IRA says it fired fatal shot
IRA says it fired fatal shot

The Provisional IRA has said it was responsible for a gunshot that killed schoolgirl Kathleen Feeney during a battle with the British Army in Derry in 1973.

At the time, it was believed that the girl had died as a result of shots fired by British troops. However, family members have long insisted the shot that killed Kathleen was fired by an IRA Volunteer.

The statement, released in Derry this week, reads in full:

“On 14th November 1973, 14-yearold Kathleen Feeney was shot dead in Quarry Street, Derry.

“The IRA in Derry, in a statement, denied that any of its volunteers were responsible for the death of Kathleen Feeney. In a further statement, the IRA in Derry claimed to have carried out an operation against the British Army in retaliation for the death of Kathleen Feeney.

“The leadership of Oglaigh na hEireann has been asked by the Feeney family to examine the circumstances surrounding the death of their sister and to publicly acknowledge that she was killed by the IRA.

“The IRA leadership agreed to do so. We found, as the Feeney family have always believed, that Kathleen was hit by one of a number of shots fired by an IRA Active Service Unit that had fired upon a British army foot-patrol in the Lecky Road area.

“The IRA accepts responsibility for the death of Kathleen Feeney. Our failure to publicly accept responsibility for her death until now has only added to the hurt and pain of the Feeney family.

“The leadership of Oglaigh na hEireann wish to apologise unreservedly to the Feeney family for the death of Kathleen and for all the grief that our actions have caused to them.”

Sinn Féin President Gerry Adams welcomed the move.

“The most important element in all of that is the Feeney family,” he said.

“I would hope that the statement helps to bring closure to that family and I therefore welcome that statement.

“At least the IRA is prepared to stand up and take responsibility for something that they did.

“There is an absence of that both in terms of armed organisations and in terms of politicians,” Mr Adams said.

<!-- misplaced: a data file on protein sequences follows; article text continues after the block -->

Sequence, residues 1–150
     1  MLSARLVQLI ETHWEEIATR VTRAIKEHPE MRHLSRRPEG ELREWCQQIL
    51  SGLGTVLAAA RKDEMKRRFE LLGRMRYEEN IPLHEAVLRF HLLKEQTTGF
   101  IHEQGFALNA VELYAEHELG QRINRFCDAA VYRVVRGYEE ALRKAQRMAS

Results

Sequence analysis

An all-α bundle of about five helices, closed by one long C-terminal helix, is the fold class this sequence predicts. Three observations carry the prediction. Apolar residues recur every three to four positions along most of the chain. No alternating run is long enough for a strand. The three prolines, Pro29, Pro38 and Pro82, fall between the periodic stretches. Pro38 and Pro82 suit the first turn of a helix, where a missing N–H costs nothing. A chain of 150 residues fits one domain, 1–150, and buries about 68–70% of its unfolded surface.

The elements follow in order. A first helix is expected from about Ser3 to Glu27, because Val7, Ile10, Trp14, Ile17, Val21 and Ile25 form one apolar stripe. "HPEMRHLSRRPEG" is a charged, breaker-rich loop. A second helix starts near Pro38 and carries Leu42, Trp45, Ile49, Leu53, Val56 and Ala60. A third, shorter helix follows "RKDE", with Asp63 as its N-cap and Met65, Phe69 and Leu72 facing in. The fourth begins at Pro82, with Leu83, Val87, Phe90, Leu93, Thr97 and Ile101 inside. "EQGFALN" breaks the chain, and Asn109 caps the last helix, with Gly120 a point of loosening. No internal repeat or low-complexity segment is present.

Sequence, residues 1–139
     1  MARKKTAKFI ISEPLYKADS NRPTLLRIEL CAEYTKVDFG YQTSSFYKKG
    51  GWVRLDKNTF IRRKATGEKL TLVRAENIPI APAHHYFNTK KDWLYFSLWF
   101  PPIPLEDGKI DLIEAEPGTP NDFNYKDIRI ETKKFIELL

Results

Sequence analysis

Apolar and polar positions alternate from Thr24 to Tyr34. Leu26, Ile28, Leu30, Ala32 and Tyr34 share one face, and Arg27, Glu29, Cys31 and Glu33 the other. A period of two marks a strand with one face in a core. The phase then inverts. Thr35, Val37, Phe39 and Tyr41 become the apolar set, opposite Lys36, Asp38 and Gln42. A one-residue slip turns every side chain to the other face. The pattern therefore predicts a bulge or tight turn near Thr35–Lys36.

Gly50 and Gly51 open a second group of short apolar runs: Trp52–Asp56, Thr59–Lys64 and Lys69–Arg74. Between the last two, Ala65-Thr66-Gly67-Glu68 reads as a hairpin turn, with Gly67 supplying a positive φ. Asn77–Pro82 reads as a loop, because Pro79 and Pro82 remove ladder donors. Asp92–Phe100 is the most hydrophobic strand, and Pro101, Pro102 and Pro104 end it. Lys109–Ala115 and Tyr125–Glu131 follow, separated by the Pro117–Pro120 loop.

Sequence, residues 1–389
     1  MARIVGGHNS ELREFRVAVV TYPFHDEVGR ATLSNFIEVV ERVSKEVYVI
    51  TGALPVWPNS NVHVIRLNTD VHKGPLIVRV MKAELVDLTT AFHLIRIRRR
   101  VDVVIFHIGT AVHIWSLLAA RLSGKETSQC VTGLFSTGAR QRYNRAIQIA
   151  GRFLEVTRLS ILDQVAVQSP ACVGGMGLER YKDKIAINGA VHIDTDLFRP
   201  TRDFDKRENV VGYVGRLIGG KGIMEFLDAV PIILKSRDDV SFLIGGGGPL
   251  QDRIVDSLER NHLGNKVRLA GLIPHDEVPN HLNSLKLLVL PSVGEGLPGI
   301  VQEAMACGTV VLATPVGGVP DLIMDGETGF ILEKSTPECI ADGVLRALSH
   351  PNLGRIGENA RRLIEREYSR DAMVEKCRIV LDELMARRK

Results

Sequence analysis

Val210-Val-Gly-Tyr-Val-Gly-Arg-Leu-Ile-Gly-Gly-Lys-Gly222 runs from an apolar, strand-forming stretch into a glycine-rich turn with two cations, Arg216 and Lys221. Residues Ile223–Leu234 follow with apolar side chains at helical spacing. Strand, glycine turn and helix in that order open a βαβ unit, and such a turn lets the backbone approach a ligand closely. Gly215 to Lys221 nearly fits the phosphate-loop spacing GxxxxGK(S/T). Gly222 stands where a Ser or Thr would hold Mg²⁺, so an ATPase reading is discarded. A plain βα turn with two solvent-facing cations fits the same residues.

In a statement yesterday, the Feeney family said they had sought an unconditional apology for the death of their sister.

“It is the family’s wish that this will help bring closure,” the statement said.


Meanwhile, the Dublin and London governments are to appoint a forensic expert to help find the still-missing remains of victims of the conflict, known as the ‘Disappeared’.

The appointment of an expert skilled in finding human remains was suggested to the governments more than three years ago.

Speaking in Dublin, Sinn Féin President Gerry Adams questioned why the governments had taken until now to follow up on his party’s proposal. “I welcome that they have finally moved but there’s a question mark as to why it took so long,” he said.

Mr Adams said he hoped those bodies still to be found would be located and returned to their families for burial.

“I’m fairly certain, without raising expectations, that we will eventually get those remains and give them back to the families,” he said. “We have never stopped trying to help. I understand that this is a horrendously difficult issue, particularly for families who are being denied a funeral.”

He made his remarks as the families of others who have gone missing, presumed dead, also called for such a government-appointed specialist to help investigate their cases.

The IRA has attempted to identify the graves of nine victims whose remains have not been recovered, but five have still to be found.

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